That's not especially classist yet, and in fact, I don't know about you, but I associate Trekkies with suburban, mostly white kids who spend too much time in their basements (not to fling around my own stereotypes). But then Maher continues:
Republican Rep. Michele Bachmann of Minnesota recently said she fears that Obama will build "reeducation" camps to indoctrinate young people. But Obama hasn't made any moves toward taking anyone's guns, and with money as tight as it is, the last thing the president wants to do is run a camp where he has to shelter and feed a bunch of fat, angry white people.
Look, I get it, "real America." After an eight-year run of controlling the White House, Congress and the Supreme Court, this latest election has you feeling like a rejected husband. You've come home to find your things out on the front lawn--or at least more things than you usually keep out on the front lawn. You're not ready to let go, but the country you love is moving on. And now you want to call it a whore and key its car.
That's what you are, the bitter divorced guy whose country has left him--obsessing over it, haranguing it, blubbering one minute about how much you love it and vowing the next that if you cannot have it, nobody will.
But it's been almost 100 days, and your country is not coming back to you. She's found somebody new. And it's a black guy.
How many "white trash" markers did you read?
Who else but those white people "below" people like Bill Maher are commonly described as worried about having their guns taken away; as "fat and angry"; as keepers of a lot of things on their front lawns; and as especially disgusted by the idea of interracial relationships?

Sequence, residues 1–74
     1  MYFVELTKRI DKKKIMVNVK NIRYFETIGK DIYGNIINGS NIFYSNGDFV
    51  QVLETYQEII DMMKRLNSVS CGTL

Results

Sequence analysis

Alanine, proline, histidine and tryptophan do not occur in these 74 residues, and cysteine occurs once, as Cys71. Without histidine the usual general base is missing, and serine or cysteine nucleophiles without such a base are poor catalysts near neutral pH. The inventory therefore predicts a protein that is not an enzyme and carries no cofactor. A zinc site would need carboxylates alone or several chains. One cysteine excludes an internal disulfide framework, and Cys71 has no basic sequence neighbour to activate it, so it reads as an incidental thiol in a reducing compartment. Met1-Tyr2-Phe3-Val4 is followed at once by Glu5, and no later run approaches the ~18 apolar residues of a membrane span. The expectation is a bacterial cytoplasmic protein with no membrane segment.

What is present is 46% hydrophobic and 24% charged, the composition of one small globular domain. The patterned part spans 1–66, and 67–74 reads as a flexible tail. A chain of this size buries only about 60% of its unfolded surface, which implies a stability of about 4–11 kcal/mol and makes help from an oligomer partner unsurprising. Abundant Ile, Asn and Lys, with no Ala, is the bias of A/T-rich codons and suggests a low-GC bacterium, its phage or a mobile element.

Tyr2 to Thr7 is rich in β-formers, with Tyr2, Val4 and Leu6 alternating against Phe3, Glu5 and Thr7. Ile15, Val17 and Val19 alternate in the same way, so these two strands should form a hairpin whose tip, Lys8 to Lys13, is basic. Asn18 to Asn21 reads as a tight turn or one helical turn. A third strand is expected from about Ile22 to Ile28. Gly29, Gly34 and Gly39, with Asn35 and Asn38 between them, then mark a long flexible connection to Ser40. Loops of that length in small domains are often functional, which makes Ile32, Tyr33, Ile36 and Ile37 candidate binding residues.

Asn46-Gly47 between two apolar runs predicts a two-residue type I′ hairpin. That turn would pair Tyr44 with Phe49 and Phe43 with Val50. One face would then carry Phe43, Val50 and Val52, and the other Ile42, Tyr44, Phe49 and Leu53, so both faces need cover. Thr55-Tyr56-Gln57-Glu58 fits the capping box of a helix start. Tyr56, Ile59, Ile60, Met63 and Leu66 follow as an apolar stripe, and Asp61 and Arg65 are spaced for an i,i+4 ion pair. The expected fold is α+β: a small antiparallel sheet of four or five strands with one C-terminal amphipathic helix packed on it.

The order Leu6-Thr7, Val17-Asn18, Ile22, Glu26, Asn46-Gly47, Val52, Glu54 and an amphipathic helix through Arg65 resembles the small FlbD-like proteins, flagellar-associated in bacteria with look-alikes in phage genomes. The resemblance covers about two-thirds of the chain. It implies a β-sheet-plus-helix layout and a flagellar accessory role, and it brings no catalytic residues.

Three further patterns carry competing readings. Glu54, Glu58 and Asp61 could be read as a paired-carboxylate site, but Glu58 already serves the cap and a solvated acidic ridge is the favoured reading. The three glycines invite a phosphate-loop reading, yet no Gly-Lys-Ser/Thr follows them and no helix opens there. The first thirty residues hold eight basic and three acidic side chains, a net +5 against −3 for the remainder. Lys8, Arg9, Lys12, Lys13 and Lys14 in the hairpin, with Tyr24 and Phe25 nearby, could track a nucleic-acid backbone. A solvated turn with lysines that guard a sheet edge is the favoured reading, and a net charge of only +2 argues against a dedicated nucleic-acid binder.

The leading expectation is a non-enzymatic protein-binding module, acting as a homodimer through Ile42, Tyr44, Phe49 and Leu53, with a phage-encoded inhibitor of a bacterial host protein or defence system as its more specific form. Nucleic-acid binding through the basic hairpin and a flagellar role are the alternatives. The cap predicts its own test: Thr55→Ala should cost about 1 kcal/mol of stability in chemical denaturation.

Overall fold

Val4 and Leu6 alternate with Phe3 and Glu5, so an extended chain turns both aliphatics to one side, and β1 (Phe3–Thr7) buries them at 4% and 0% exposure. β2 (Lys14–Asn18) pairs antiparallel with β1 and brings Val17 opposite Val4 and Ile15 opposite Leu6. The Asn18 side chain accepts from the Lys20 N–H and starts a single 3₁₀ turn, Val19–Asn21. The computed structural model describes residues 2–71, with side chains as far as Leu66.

At the end of his article, after castigating nearly the entire Republican Party in this classist mode, Maher suddenly shifts into a bifurcated conception of it:
And if today's conservatives are insulted by this, because they feel they're better than the people who have the microphone in their party, then I say to them what I would say to moderate Muslims: Denounce your radicals. To paraphrase George W. Bush, either you're with them or you're embarrassed by them.
A close look at Maher's attempt at humorous commentary reveals some bad logic. He goes from casting aspersions on the "trashy" lot of them, to perceiving them as a group with both loud, attention-getting extremists and moderates. This bad logic comes about because he's known as a humorist, and in order to write funny, he resorts to classist stereotypes, collapsing a bifurcated vision of Tea Party protesters into a singular vision of white trash lowlifes, who exist in a place that's definitely beneath people like Bill Maher. If his appeal to Republican moderates is at all sincere, I can't imagine why he thinks it would work.
So why do some white people do what Maher does here, that is, limit their explicit identification of whiteness to lower/working-class white people?
I think the primary motivation, a mostly unconscious one, is pretty simple. As Wray and Newitz write, "The term white trash helps solidify for the middle and upper classes a sense of cultural and intellectual superiority."
By explicitly or implicitly highlighting the whiteness of "white trash," middle and upper-class white people can escape, once again, the discomfort of being labeled white themselves.